Schumer's strategy: Tie GOP in 2012 to rising Tea Party unpopularity

Sen. Charles SchumerCharles (Chuck) Ellis SchumerSchumer: Trump should take Kim Jong Un off 'trip coin' Overnight Finance: Trump signs repeal of auto-loan policy | Justices uphold contracts that bar employee class-action suits | US, China trade war 'on hold' Free traders applaud Trump as China tariff threat recedes MORE (D-N.Y.) is pinning Democrats’ hopes for keeping their Senate majority on a strategy that would tie the GOP to the Tea Party, which has dropped in popularity.

Schumer, who as chairman of the Senate Democratic Policy Committee has responsibility for the Senate Democrats' messaging strategy, unveiled his 2012 campaign plans at a Wednesday breakfast hosted by Third Way, a Democratic think tank.

Schumer believes the Tea Party, which lost support after forcing a July showdown over the debt limit, could be the GOP’s Achilles' heel next year.

“By linking the GOP to its extreme Tea Party fringe, Democrats can bolster the prospects or the president’s jobs ideas, or at least make clear who is responsible for the stalling of the recovery,” Schumer wrote in a memo to “interested parties.”

Schumer argues Democrats can make this link by “branding the school of thought that resists against any job-creation measures as ‘Tea Party economics.’ ”

He says, “The opponents of the president’s jobs proposals should be invoked as ‘Tea Party Republicans.’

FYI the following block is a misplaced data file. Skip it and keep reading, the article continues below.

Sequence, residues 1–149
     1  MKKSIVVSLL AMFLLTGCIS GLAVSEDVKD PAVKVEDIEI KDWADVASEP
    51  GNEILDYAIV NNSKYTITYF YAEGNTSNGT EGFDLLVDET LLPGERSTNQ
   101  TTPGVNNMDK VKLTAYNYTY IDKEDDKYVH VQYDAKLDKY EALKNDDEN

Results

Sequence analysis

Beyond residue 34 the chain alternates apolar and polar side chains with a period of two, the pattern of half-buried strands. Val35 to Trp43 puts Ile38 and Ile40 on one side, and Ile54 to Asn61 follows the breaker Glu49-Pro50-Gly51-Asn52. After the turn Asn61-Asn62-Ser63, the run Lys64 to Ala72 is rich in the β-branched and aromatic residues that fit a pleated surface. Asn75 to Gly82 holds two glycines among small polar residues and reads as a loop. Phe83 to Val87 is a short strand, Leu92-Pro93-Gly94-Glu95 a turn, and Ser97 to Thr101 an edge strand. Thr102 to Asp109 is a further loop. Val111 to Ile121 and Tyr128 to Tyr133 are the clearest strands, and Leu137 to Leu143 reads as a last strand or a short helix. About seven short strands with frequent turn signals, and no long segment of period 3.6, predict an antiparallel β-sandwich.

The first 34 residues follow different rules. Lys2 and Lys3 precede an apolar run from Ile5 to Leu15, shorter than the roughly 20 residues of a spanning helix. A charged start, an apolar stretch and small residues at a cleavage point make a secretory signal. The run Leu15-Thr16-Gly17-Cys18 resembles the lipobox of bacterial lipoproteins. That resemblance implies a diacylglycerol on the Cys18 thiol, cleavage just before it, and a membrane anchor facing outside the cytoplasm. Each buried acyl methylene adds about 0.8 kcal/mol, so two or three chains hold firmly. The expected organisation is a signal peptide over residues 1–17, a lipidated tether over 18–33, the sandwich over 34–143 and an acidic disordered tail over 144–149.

“If their obstruction continues, it will risk a ‘Tea Party recession,’ ” he added.

Schumer, and Senate Majority Leader Harry ReidHarry Mason ReidMcConnell not yet ready to change rules for Trump nominees The Hill's Morning Report — Sponsored by CVS Health — Trump’s love-hate relationship with the Senate Trump to press GOP on changing Senate rules MORE (D-Nev.), pursued a similar strategy during the government shutdown fight in April and the summer's debt-limit standoff.

He believes the strategy was effective and he plans to ramp it up to campaign-season pitch over the next several weeks.

Public polling shows the Tea Party has steadily lost support over the past year. Schumer cited tracking polls by The New York Times and CBS News showing the Tea Party’s unpopularity rating swelling from around 25 percent at the beginning of the year to near 40 percent last month.

Survey data published by CNN and NBC News and The Wall Street Journal showed similar trends.

“These numbers show Tea Party Republicans are more vulnerable than ever to the argument that their policies, as well as tactics, are hurting the economy,” Schumer claimed.

Schumer’s battle plans appear to belie his simultaneous effort to mend relations with Senate Republicans. 

Schumer negotiated with Senate Republican Conference Chairman Lamar AlexanderAndrew (Lamar) Lamar AlexanderSenate GOP urges Trump administration to work closely with Congress on NAFTA GOP lawmakers want Trump to stop bashing Congress The Hill's Morning Report - Sponsored by CVS Health - A pivotal day for House Republicans on immigration MORE (Tenn.) at the start of the year to implement a friendly understanding to allow more of President Obama’s nominees to win Senate confirmation without formal votes.

Last week, Schumer proposed a bipartisan meeting to give Democratic and Republican leaders a chance to work out their differences.

“We need a little bit of a cooling-off period,” Schumer said.

He asked Reid if he would be “willing to sit down with the minority leader and others in an effort to try and figure out how we can get back to somewhat more of a regular order.”

If Republicans fail to respond to these overtures by supporting Obama's agenda, Schumer is ready to launch a full-scale political attack.